A total of 113 women with primary (n=86) and secondary (n=27) infertility were included in this study. All the cases were within the reproductive age limit of 15 to 45 years, with the majority in the age range of 21-30 years (78%). Menstrual cycle was irregular in 70% of cases and oligomenorrhoea was present in 59% of cases. Although the prevalence of other clinical findings did not differ significantly between the two groups, the prevalence of irregular menstruation, acne and polycystic ovaries were comparatively higher in primary infertility and the prevalence of goiter and obesity were comparatively higher in secondary infertility.(Table-1), (Fig-1).
Comparison of clinical findings and hormonal abnormality, showing a higher prevalence of hyperprolactinemia along with irregular menstruation, acne and PCO in primary infertility, and a higher prevalence of sub-clinical hypothyroidism along with obesity and goiter in secondary infertility.
Serum TSH was measured in 61 primary and 20 secondary infertility cases. Prevalence of sub-clinical hypothyroidism was 6.5% in primary and 15% in secondary infertility. Prevalence of sub-clinical thyroid disorders (both hypo- and hyper-) was 11.5% in primary and 15% in secondary infertility, showing an overall prevalence of 12.3%. PRL was measured in 65 primary and 23 secondary infertility cases. Prevalence of hyper-prolactinemia was 43% in primary and 22% in secondary infertility, showing an overall prevalence 37.5% (Table-2).
In primary infertility, the TSH level was high in 2 and low in 1 out of 24 cases with hyper-prolactinemia. PRL was normal in 1 sub-clinical hypo- and 2 sub-clinical hyperthyroid cases. A report on PRL was unavailable in 1 sub-clinical hypothyroid case with primary infertility (Fig. 2). In secondary infertility, TSH was normal in all hyperprolactinemia cases and prolactin was normal in all cases with sub-clinical hypothyroidism (Fig. 3). The mean TSH value was higher in secondary infertility (3.6 +/- 3.7 mIU/L) than in primary infertility (2.3 +/- 2.7 mIU/L), although the difference was not statistically significant (P < 0.11). The mean PRL level in primary infertility (495 +/-340 nmol/L) was higher than in secondary infertility (340 +/- 310 nmol/L), showing a significant statistical difference (P<0.05), (Table-3).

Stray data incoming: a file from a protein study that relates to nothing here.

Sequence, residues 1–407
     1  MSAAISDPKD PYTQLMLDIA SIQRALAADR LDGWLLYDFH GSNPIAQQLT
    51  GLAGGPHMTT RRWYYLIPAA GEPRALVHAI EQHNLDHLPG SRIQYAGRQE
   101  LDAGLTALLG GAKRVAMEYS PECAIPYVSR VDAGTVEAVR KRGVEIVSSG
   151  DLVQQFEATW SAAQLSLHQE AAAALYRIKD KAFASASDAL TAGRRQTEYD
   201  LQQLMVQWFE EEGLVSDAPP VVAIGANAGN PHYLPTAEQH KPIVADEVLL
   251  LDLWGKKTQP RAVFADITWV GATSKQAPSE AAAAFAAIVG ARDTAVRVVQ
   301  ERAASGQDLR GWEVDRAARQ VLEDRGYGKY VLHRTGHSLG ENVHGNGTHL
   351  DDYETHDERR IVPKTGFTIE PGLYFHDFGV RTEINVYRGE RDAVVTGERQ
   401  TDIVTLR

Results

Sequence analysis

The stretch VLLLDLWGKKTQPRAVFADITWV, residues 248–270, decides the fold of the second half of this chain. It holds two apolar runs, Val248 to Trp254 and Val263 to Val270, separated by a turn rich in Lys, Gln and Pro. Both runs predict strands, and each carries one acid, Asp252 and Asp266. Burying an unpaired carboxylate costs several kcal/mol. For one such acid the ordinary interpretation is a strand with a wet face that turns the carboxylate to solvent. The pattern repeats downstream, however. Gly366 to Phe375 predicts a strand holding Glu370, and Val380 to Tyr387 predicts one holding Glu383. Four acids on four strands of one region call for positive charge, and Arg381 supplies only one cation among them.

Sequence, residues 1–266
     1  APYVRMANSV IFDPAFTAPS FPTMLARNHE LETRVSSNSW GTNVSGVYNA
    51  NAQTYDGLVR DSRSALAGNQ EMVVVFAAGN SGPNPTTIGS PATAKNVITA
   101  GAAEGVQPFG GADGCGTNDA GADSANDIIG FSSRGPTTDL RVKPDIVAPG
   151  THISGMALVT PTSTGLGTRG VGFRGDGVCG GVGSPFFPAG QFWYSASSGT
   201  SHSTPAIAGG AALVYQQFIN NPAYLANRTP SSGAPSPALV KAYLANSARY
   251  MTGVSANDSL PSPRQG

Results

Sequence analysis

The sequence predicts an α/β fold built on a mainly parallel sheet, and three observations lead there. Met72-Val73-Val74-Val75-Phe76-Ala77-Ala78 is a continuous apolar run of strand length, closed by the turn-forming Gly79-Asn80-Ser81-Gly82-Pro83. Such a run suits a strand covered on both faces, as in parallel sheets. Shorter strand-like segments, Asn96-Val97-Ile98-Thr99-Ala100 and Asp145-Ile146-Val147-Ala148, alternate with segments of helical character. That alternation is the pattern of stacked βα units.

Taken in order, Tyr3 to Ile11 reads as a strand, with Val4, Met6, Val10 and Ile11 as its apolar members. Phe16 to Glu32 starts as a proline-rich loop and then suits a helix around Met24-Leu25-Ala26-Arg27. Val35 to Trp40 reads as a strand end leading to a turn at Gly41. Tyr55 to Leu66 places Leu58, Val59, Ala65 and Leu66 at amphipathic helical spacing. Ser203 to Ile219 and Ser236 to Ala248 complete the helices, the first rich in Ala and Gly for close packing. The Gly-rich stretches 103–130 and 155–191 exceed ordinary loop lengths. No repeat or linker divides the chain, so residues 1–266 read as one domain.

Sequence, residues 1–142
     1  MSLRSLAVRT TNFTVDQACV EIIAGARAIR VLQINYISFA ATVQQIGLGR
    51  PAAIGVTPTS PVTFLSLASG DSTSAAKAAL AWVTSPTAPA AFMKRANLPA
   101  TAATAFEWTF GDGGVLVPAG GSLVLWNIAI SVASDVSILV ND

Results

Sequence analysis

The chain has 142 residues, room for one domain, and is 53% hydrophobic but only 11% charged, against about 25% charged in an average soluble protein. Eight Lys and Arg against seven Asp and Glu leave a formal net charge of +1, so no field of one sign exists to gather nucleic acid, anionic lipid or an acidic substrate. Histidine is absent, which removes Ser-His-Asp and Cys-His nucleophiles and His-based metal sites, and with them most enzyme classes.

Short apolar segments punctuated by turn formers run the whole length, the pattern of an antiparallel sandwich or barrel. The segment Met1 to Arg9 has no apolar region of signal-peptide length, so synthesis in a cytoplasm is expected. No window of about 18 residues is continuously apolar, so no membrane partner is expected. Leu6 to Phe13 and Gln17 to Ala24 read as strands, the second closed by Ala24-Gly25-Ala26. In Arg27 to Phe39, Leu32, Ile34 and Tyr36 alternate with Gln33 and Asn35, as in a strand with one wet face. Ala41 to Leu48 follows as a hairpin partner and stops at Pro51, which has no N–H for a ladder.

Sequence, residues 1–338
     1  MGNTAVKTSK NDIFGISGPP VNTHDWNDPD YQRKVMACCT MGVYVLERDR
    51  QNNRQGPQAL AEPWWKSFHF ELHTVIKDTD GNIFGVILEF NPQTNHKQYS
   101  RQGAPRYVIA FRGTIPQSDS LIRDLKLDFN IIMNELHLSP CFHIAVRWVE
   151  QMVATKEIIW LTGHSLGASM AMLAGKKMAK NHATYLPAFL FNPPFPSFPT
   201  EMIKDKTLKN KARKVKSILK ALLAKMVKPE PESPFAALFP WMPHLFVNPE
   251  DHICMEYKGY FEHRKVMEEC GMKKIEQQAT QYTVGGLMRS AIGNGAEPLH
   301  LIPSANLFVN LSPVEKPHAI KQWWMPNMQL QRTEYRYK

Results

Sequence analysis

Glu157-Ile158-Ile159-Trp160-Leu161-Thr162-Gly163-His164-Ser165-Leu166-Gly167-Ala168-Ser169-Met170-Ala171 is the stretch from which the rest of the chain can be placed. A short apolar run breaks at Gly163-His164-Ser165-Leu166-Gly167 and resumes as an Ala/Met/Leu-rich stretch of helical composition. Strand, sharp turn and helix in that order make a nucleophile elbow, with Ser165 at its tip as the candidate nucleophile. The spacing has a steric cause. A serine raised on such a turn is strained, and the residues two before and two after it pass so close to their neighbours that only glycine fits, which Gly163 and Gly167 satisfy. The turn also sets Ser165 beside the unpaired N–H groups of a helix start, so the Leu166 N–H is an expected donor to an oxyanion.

TSH and prolactin levels in primary infertility. There is no correlation between TSH and prolactin levels. (Normal level: TSH = 0.3 -5.0 mIU/L, Prolactin <460 nmol/L)
TSH and prolactin levels in secondary infertility. There is no correlation between TSH and prolactin levels. (Normal level: TSH = 0.3 -5.0 mIU/L, Prolactin <460 nmol/L)